Earth2Tech. The source of that post was the recent Wall Street Journal’s Eco:nomics conference where Bill Gates commented on a company that he was involved with that was doing “gravel on ski lifts.” Also, included was a link to our patent and our operational video. I'd like to comment on a few of the things mentioned, and not-mentioned, in the article.
Reduced Technology Risk for Ease of Market Adoption
Energy Cache's design philosophy, from the company's founding, was that energy markets want minimal technology risk. This has been my experience starting with my early engineering career developing fuel cell technology, to my more recent experience as an investor in solar companies. In both those cases, the technological unknowns were the least appreciated by the established, conservative, market. While Energy Cache has made impressive technological developments, we developed the technology so that we could, as much as possible, co-opt the existing expertise, supplier base, and operational knowledge from existing industries and use them to solve the problems that we wanted to address with energy storage. This is how our small team has been able to design and construct our 50kW installation on impressively efficient schedule and budget.
Ease of Siting
The difficulty, for current technologies, as stated in the article, is siting and permitting times. Pumped hydro needs two large reservoirs; compressed air energy storage (CAES) requires an underground cavern that doesn't leak (the efforts of "above-ground" CAES solutions excepted). At the recent ARPA-E Summit, Secretary Chu stated that "geologic solutions" would be necessary going forwards, regardless of the current siting and permitting difficulties. This is a view echoed by Pike Research. However, one of the pieces of brilliance in Energy Cache's approach comes from the fact that we will likely not experience the same siting and permitting difficulties of pumped-hydro and CAES. This comes, in part, from the flexibility achieved by using a low-cost base unit. A typical pumped hydro facility consists of a single, or very few pumps/generators (PG&E's Helms Pumped Storage facility consists of three 400MW turbines, for a total of 1.2GW). This is the only way to make either the technology, or the economics, work - build at very large scale. In doing so, such installations become very difficult to find appropriate sites for. Energy Cache's system deploys many units and can be far more flexible in terms of economic operating size. Therefore, we have already found a tremendous number of sites suitable for our more flexible technology that would be inappropriate for CAES or pumped hydro. In addition, we have several other benefits, which I won't discuss here, that we expect to greatly reduce the permitting difficulties that have previously been mentioned.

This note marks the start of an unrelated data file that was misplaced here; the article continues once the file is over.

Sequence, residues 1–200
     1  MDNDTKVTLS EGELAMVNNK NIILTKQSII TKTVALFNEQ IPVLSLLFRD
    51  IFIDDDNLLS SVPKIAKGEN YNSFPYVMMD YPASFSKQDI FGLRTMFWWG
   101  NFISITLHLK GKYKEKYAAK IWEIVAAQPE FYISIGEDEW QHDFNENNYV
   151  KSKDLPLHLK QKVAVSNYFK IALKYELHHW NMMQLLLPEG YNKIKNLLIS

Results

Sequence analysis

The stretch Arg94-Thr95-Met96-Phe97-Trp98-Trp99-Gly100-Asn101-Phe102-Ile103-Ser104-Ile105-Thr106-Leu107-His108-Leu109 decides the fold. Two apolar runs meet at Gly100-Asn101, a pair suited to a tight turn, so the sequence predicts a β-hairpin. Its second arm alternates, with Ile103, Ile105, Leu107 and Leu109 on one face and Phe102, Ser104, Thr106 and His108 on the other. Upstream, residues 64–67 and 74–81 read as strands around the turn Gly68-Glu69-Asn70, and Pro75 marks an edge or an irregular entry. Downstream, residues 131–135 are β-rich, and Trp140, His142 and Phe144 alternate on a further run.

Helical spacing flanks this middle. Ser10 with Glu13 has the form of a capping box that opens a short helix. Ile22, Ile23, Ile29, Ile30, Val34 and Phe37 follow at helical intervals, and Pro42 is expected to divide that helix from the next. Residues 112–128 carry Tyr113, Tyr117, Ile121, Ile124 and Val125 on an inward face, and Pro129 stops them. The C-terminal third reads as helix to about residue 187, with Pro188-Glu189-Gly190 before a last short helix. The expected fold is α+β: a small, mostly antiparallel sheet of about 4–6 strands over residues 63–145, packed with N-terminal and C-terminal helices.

The article says that "Terrestrial storage isn’t cheap." This is true in absolute terms, due to the size of these projects (as mentioned above). However, on a kW or kWh basis, pumped hydro storage and CAES are among the cheapest technologies currently known, as listed in EPRI's Energy Storage Report, page 4-22. Pumped-hydro storage is the de facto storage solution that every utility would like to deploy. We believe, and this is backed up by the data, that Energy Cache will have a compellingly competitive cost structure as compared to these technologies. In addition, Energy Cache has solid data that demonstrates that we will be one of the highest revenue earning storage technologies possible. This puts us in a class of our own in terms of potential profitability.
With a substantial number of operating sites identified, extraordinary economics, a rapid path to market, and the backing of some extraordinary investors and technology visionaries, I'm very proud of what Energy Cache has accomplished in such a short time, and where we'll be headed in the future.